Wealth Supremacy: How the Extractive Economy and the Biased Rules of Capitalism Drive Today’s Crises

By Marjorie Kelly. Berrett-Koehler Publishers, 2023. 256 pages. $22.95/paperback or eBook.

Anyone who feels the weight of White supremacy—or sees the danger signs of growing inequality or cares about a livable future on this planet—would do well to take heed of Marjorie Kelly and her new book, Wealth Supremacy.

Kelly speaks of how we are living in a trance in a reality we cannot see. Unnamed wealth privilege has been embedded in our cultural psyche for centuries, yet we have stepped out of other trances. Though the work is far from over, we have declared sexual and racial bias to be illegitimate. Still, the bias toward capital remains sacrosanct. The silent encoded message says that wealth is to be revered above all else. The rest of reality—workers, communities, small businesses, and the environment—is all implicitly subordinate.

Though just introducing the word capital makes me nervous, as it conjures a requirement to take sides between an imperfect capitalism and the horrors of state socialism, Kelly is not interested in this debate. She instead speaks of moving toward a still undefined “next system”: a democratic economy. With decades of experience in ethical business, she understands the need for some profit but not for a system that requires profit maximization and lies at the heart of the linked crises of racial injustice, growing income inequality, and climate collapse.

Our financialized system has become less about manufacturing stuff and more about manufacturing debt. We see how the system swallows up and defangs ethical businesses like Ben & Jerry’s, and co-opts efforts at corporate responsibility, such as the consideration of ESG factors (environmental, social, and governance). We see private equity pouring its profit-hungry investments into pension funds; fossil fuels (after institutional investors divest); and real estate, turning housing from a social good into a wealth extraction vehicle. It’s sobering. But Kelly sees the power of creating a shared understanding that capital bias against people and in favor of wealth is illegitimate.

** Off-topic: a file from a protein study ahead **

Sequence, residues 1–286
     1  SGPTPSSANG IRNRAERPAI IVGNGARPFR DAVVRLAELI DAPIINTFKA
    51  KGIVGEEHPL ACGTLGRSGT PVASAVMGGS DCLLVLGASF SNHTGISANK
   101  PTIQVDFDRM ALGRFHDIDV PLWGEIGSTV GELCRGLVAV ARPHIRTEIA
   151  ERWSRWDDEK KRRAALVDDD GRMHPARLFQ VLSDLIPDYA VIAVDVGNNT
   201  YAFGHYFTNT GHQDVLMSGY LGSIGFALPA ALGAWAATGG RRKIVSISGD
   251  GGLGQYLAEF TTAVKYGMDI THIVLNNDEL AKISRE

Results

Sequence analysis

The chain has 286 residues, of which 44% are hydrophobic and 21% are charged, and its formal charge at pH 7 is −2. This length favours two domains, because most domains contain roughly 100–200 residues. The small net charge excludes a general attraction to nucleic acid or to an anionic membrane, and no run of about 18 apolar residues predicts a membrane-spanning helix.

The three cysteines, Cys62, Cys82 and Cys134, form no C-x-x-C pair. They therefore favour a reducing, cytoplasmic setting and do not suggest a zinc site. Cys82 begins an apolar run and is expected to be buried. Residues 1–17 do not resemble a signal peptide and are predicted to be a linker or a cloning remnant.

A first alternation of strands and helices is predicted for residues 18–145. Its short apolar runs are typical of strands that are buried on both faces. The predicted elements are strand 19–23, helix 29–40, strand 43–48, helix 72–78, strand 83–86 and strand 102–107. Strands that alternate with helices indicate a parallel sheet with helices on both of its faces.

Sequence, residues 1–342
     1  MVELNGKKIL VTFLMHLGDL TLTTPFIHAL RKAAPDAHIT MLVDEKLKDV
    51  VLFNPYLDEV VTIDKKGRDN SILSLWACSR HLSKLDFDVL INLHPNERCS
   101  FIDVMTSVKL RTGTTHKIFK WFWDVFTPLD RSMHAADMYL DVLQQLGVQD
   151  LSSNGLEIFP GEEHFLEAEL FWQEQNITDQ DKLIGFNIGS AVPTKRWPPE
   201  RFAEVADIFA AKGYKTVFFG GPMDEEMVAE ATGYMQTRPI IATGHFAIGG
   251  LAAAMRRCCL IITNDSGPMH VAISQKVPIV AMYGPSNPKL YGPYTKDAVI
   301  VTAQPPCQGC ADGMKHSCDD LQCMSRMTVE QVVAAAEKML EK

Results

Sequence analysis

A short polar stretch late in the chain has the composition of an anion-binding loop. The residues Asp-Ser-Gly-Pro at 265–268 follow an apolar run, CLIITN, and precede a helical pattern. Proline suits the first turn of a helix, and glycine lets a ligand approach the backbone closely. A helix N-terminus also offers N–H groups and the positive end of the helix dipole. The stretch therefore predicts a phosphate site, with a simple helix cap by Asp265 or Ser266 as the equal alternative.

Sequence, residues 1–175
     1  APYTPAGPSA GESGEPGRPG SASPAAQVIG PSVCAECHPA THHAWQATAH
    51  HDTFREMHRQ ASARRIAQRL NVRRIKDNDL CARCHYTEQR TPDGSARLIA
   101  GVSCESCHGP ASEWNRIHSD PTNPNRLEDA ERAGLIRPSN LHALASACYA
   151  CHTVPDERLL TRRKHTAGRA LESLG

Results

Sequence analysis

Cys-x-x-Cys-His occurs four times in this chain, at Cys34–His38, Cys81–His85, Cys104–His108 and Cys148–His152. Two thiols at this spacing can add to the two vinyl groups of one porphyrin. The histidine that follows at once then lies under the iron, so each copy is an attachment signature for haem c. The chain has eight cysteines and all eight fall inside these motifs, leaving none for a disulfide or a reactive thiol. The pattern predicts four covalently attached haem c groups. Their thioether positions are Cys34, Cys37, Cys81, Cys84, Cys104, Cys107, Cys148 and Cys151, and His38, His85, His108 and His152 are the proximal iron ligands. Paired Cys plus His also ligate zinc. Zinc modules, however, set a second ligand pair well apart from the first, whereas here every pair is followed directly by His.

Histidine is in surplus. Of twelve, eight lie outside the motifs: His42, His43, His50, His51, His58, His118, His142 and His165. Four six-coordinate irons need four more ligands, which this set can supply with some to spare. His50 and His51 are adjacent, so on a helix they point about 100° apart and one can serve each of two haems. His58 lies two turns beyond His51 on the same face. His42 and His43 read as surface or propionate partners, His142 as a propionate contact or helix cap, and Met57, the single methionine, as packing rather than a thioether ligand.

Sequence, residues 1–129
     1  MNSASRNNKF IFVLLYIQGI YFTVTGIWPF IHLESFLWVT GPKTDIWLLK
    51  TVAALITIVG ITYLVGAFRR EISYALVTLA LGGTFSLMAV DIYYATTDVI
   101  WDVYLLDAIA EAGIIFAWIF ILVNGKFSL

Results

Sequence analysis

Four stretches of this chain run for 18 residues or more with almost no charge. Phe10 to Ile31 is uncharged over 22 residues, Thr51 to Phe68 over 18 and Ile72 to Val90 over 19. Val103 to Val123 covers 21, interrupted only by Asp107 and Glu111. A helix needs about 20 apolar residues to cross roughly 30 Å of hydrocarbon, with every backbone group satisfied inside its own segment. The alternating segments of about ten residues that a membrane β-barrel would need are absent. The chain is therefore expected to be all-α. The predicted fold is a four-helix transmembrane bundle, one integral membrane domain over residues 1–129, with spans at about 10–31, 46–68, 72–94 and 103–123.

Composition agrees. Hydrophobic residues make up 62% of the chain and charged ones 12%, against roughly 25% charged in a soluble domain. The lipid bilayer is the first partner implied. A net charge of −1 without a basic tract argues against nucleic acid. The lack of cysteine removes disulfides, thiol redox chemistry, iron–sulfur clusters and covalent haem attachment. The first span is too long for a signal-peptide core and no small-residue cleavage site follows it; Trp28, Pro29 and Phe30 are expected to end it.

In the section on myths of wealth supremacy, I was taken by her treatment of “fiduciary duty.”  We believe as a core truth that those entrusted with the management of wealth have a sacred obligation to maximize its returns. Yet it turns out that fiduciary duty is legally defined as an obligation to pay attention and to be loyal. This opens up the possibility of also paying attention to the context within which wealth is embedded and being loyal to a larger common good.

Her take on the income statement was thought-provoking as well. In the income column—where you want as much as possible—is profit. In the expense column—where you want less—is mostly the cost of labor. We can see the trajectory of these values over time, with good manufacturing jobs moving first to the nonunion South, and then overseas. Automation is the current threat, and an estimated 40 percent of U.S. labor is in the gig, “contingent” workforce, as measured in 2015. “That count is outdated,” Kelly points out, “because we lack the reliable metrics of our economy to make precarity visible.” In painful irony, the historic White working class is being pushed into the arms of the conservative Right, with their offer of the psychological benefit of feeling better than those at rock bottom.